Jazz music is a popular music genre which originated in the black communities of New Orleans, Louisiana, United States of America, from the late 19th century to the early twentieth century, with its origins in ragtime and blues. The first big break for jazz music was in fact a collaboration between African slaves and white jazz musicians. This happened in Washington D.C. at the time when African American prisoners were freed. These same prisoners played such famous jazz instrumental pieces as “The Clans Of The Americas” and “The Dogs of Paradise”. These early recordings helped jazz music gain its popularity in America.
The great jazz vocalist Ida Lynn came from Mississippi in the 1920s. Her distinctive strong voice is one of the hallmarks of jazz music, along with her magnificent range of notes, her amazing agility, and her uncanny ability to harmonize. Though she never had a professional classical training, she learned to play the piano when she was very young and was given her first musical lessons by her brother, Jelly Roll Morton. From this point on, she specialized in jazz vocal performance and remained a major jazz vocalists throughout her lifetime.
Jazz as an artistic expression was born out of the blues’ unique blend of free style musical expression combined with white supremacy. While this was happening in New Orleans during the late part of the nineteenth century, the city was also a center of black political and social life. This made jazz much more powerful as a social force during those times. Many of the legendary jazz figures such as John Lennon and Yusef Islam were living in New Orleans at the time. Many of these people later became prominent political and cultural figures all over the world.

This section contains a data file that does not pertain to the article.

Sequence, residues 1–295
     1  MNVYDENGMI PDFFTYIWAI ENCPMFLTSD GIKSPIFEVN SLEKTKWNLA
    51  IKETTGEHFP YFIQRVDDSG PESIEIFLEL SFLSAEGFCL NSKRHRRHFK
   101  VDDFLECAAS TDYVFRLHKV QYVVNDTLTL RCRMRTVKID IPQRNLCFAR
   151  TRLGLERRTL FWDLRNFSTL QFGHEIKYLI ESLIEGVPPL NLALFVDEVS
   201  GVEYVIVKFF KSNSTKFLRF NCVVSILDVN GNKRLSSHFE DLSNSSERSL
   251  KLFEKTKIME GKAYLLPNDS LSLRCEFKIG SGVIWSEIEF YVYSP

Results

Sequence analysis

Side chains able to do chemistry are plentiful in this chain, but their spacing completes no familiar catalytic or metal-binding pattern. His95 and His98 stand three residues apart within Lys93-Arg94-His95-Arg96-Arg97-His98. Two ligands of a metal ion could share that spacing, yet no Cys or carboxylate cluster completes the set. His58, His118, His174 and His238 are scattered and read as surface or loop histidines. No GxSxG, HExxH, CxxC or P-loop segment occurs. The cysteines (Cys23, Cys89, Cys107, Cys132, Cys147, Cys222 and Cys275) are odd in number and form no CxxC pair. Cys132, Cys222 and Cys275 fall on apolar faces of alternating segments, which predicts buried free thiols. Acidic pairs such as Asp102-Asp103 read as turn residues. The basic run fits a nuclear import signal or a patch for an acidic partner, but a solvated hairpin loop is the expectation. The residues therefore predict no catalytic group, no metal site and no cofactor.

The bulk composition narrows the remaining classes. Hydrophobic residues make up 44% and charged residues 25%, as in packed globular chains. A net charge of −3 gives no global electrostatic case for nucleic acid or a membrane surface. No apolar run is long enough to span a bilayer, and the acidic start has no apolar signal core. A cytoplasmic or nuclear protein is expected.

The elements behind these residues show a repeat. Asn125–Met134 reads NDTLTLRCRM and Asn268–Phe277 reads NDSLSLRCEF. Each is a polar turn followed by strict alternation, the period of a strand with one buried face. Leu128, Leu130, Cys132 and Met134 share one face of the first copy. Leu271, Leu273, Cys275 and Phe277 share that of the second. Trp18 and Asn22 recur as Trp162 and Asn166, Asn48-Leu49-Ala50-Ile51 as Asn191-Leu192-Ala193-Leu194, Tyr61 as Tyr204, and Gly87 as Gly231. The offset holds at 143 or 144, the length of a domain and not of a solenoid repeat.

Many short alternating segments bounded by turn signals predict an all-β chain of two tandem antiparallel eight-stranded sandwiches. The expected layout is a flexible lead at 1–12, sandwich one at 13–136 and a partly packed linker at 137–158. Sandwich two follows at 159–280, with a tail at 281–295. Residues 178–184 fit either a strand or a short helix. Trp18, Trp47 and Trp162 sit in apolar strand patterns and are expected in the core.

Jazz music, by its very nature, was constantly changing and evolving as different styles and musical approaches were developed. Styles such as jazz pop and jazz metal gained momentum in the early nineteen hundreds. These new styles mixed jazz with rockabilly and other music influences to create a unique sound all their own. Throughout this period of growth for jazz, many non jazz musicians who were fans of jazz music found it difficult to get along with the new style because their music was often completely different in structure.
Jazz music, like any other musical style, was always in a state of flux, constantly changing in form. The most important factor for jazz music during these turbulent times was the freedom that jazz musicians were afforded to express themselves creatively and freely. Jazz musicians used their knowledge of jazz chord structures to write their own music, and often wrote complex songs with only a few notes being played at one time. During these times, many jazz musicians became itinerant, traveling from town to perform and record new jazz music. While this was a good way for these musicians to get popular, it was also very exhausting. In many cases they would spend weeks or months playing just a few shows, trying to stay where they were in order to keep playing.
However, more traditional jazz music played was much more structured than the freestyle jazz improvisation style. This type of jazz music often had a piano or two and was performed as a set piece, as well as a lead piece. It featured a tight band dynamic and was played on a proper instrument such as a guitar, violin, mandolin, or bass guitar. These early styles of jazz music were revolutionary, and made the styles that came later possible by combining the best of the earlier styles with modern conveniences such as slide music.